When the euro was launched six years ago there were many who did not give the new currency much of a chance. It was written off in some quarters as an ill-fated economic experiment. Some commentators argued that a single currency could never be stretched to cover such a range of divergent economies. Others suggested that the euro would be eschewed by international investors. There were predictions of rampant counterfeiting and uncontrolled price inflation. Even the symbols chosen to adorn the notes and coins were ridiculed.
Take a look at the single currency now. The euro ismaturing into a genuine rival to the once mightyAmerican greenback. In 2007 the value of euro notes in circulation exceeded the value of the dollar. Even dollar-worshipping American rap stars and international supermodels have begun to realise that the euro is worth more on the international exchanges than the US currency. But the story of the euro is primarily one of benefit to European citizens. Retailers did initially round prices up on conversion. But that has been more than offset by the advantages to consumers and businesses of being able to compare prices of goods and supplies across the Continent.
Perhaps the soundest indicator of the currency's success is the fact that nation states are still eager to become part of the eurozone. Cyprus and Malta joined yesterday, adding 1.2 million people to the 320 million Europeans already using the single currency. Both nations are expecting boosts to their economies as a result of easier access to the vast markets on their doorstep. Meanwhile, four of the other 2004 accession states have linked their currencies to the euro in an exchange rate trading band. The eurozone will grow steadily larger in the coming years. And as it does so it will grow stronger. Our own government's decision, along with Denmark and Sweden, to remain on the sidelines is looking increasingly bizarre. It should also be noted that the regulators of the single currency seem to have done a rather better job than our own financial authorities in responding to the dislocation on the international money markets resulting from the implosion of the US sub-prime mortgage sector. Unlike in Britain, there have been no bank runs in any of the 15 states operating under the single currency. The European Central Bank has also been as successful as the Bank of England in recent years in keeping inflation and interest rates at reasonable levels.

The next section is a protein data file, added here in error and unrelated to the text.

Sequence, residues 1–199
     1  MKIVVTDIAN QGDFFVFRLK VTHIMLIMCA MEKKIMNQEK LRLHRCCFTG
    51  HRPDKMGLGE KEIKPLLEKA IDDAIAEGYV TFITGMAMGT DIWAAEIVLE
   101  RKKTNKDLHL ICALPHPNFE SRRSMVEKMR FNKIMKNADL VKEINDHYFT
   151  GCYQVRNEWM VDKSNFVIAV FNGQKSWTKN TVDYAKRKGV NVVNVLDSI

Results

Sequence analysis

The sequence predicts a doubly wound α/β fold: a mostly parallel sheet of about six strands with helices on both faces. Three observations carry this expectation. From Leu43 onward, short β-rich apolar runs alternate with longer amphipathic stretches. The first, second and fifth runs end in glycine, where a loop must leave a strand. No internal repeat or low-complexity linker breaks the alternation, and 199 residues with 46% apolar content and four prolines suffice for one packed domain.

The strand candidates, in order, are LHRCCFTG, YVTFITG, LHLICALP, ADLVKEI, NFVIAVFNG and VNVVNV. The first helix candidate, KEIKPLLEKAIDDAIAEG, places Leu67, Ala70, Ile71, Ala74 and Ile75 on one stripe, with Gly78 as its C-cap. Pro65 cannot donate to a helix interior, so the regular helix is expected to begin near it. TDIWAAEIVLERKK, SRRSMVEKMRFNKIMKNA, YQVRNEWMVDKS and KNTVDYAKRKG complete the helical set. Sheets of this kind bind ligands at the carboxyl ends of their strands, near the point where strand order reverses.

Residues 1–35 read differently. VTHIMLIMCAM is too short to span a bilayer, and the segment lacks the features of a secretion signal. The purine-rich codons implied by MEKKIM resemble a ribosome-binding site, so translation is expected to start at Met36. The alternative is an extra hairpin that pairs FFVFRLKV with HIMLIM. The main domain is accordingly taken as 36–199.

Another exciting new chapter in the EU's history opened yesterday. Slovenia became the first of the former Soviet-dominated member states to take on the rotating presidency of the Union. Slovenia was always more stable and economically developed than the other states of the former Yugoslavia. But it is still quite an achievement that a nation which was in the grip of a Communist dictatorship only two decades ago should now be at the head of the largest collection of democratic states on the planet. Some EU diplomats are also daring to hope that Slovenia will be able to use its influence in the Balkans to help defuse the crisis over Kosovan independence. This is by no means assured. Slovenia's historic ties to both Serbia and Kosovo could be as much of a hindrance as a help in negotiations. But that there is glimmer of hope is largely thanks to EU expansion. The Slovenian government will be pushing for other Balkan states to join the EU in due course, which should provide a boost to internal reformers and an incentive for these nations to look to the future, rather than a war-scarred past.
This is where perhaps the greatest power of the EU lies: its ability to promote peaceful development and economic co-operation even in lands beyond its existing boundaries. Let us hope that the EU's influence will continue to grow in 2008.